Our correspondent hits the ground running as the celebration of artistic independence gets underway in Texas.
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14 Mar 2011 - 1:00 AM  UPDATED 16 Jan 2014 - 2:57 PM

I was almost left behind my first morning in dry, sunny Austin, Texas. A festival conceived for DIY hustlers and hustlees, the first South By Southwest festival in 1987 attracted 700 musicians and music industry types looking for a way into a business increasingly monopolized by multimedia conglomerates. In 1994, film and interactive components were added to the music showcase, and the festival, which opened further to the press and the public, grew by shaggy, flannel-clad exponents. By early 2011, 36 000 people were poised to descend on downtown Austin for ten days of staggered events; for the first time the film and interactive components rival the music fest in attendance.

By this morning, those of us who didn't book our hotels months in advance and therefore had to set up camp on the outskirts of town were wholly dependent on the hourly shuttles that ferry the fringe element to the heart of the action. An ill-timed vending machine run during the wait ensured that I had to chase down the white minivan as it was swinging out of the hotel's lot. And chase it I did, flailing at unattractive angles, as one does.

It was an apt introduction to a festival too crowded with activity to wait for any woman. Based at and around the square-block slab of the Austin Convention Center (although institutional in construction, its insides are disconcertingly surreal: stairs routinely lead to nowhere; secret floors are tucked in between the legitimate ones) in the downtown core, SXSW works to maintain its rebellious streak despite a level of success that would mortify any self-respecting slacker. Dedicated press screenings, for instance, are apparently for losers, an anti-media move that seems at odds with a functioning festival's mandate.

And yet the interactive arms of the festival are opened wide for a corporate and media embrace. Increasingly the festival's financial and media centerpiece — social networking juggernauts like Twitter and foursquare were both launched here — the interactive conference is also a particularly international draw. On the film side, the competitive slate is relatively modest: Eight features and eight documentaries (culled from almost 2,000 submissions) vie for jury recognition, along with a selection of shorts. Outside of Charlie Casanova, a dark thriller from Ireland, all of the feature-length films in competition are American, in keeping with the festival's spirit of growing and promoting new talent on home turf.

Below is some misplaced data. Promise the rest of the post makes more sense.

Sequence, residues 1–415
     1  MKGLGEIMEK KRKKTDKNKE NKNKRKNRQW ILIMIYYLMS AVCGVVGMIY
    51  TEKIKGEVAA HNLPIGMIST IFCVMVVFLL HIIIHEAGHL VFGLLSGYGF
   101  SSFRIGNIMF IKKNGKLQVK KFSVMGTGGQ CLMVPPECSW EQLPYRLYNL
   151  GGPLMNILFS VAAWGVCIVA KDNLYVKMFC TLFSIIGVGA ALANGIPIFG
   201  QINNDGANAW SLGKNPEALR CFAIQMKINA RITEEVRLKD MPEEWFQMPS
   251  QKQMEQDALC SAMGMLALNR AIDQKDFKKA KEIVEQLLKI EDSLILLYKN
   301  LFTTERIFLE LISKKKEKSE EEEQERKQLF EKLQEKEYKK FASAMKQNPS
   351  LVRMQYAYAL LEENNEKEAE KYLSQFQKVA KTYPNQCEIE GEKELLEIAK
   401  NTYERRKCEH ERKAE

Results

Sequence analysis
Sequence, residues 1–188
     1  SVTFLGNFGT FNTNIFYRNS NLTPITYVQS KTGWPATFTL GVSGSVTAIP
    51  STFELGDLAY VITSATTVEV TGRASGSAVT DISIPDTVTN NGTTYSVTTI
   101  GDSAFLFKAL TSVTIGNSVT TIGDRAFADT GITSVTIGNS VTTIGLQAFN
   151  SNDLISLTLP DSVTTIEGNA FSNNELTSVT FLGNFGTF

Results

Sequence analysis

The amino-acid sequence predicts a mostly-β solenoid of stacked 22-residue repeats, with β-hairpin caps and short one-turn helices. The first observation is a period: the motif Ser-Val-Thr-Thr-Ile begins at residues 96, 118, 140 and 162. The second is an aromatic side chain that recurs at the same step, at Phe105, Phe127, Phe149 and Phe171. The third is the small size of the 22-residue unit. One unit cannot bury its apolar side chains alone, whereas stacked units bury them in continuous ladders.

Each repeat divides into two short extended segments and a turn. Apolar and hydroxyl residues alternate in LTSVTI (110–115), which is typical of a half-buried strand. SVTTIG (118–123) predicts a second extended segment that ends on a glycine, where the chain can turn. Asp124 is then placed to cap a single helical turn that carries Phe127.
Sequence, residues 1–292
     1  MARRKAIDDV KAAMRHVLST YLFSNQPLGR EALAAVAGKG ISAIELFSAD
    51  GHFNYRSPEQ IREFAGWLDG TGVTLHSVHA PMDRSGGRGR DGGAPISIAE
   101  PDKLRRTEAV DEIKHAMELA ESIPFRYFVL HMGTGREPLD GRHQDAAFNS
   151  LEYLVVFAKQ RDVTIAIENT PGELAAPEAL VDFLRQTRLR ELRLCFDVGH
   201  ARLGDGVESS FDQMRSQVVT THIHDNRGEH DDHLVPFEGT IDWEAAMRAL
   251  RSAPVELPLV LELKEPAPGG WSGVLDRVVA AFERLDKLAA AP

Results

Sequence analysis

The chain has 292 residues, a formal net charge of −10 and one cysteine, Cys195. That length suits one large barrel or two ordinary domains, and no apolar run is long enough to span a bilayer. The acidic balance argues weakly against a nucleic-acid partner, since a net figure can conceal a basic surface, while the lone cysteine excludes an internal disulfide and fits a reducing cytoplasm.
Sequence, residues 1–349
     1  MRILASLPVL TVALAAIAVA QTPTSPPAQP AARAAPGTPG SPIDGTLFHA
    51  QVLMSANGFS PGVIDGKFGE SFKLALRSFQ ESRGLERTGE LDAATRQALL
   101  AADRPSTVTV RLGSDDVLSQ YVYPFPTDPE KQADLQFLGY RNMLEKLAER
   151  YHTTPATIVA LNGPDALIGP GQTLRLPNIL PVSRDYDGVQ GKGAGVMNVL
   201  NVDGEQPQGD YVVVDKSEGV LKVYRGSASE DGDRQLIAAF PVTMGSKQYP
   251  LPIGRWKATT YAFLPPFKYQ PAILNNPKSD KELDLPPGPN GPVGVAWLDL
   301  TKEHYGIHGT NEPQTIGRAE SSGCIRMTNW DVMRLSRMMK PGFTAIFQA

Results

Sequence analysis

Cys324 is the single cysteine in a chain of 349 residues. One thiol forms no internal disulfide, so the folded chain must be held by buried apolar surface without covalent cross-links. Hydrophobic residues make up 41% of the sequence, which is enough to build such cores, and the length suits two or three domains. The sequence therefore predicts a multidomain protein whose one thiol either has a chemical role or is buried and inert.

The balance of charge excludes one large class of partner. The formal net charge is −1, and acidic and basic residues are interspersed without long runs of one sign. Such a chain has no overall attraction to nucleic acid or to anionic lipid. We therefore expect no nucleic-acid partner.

Beyond the competition, the programmers are free to roam the geographical, budgetary, and attention-grubbing maps. The big money is on the “Emerging Visions” showcase, which features edgy films that may have distribution — like the buzzy Bellflower (pictured), a love triangle with an apocalyptic twist—but are looking to build momentum, and comers like The Dish and the Spoon, starring reigning indie enchantress Greta Gerwig, and F*ck My Life, a romantic comedy set on the social networking grid by Chilean director Nicholás López. Then there are soon-to-be released Hollywood corkers like Source Code (starring Jake Gyllenhall) and The Beaver (starring the terrifying train wreck formerly known as Mel Gibson) and the music-themed showcase 24 Beats Per Second, which this year will offer a veritable 1990's theme park ride comprising documentaries about Hole, The Foo Fighters, Le Tigre, and Canadian underdog (if that's not a redundancy) Ron Sexsmith.

Also included in that showcase is a doc about the festival itself, Outside Industry: The Story of SXSW, which chronicles, on its 25th anniversary, the fest's founding by four local men (three in the media, one in the music industry) looking to organize a showcase for the musicians drawn to Austin by its low cost of living and give them a shot at a time when the majors were too busy pursuing the next Milli Vanilli to seek out actual talent. Now the biggest music industry event in the world, SXSW has survived that industry's revolution by combining the outsider spirit of its hometown (“Keep Austin Weird” is its unofficial motto) with its founding ambition, which involved, among other things, making enough of a statement — and enough money — to give the reigning titans in New York City the middle finger. Earned artistic independence is a rare and powerful place to be, a creative utopia more scrutinized for being self-created and self-governed. I'd run to catch a ride there any day of the week.

SXSW x Numbers

Movies seen so far: 3
Men without shirts seen so far: 1
Tacos eaten: 0
Bags of trail mix eaten: 3
“Duh, Winning” T-shirts spotted: 1
Times lost in the Convention Centre: Already beyond tallying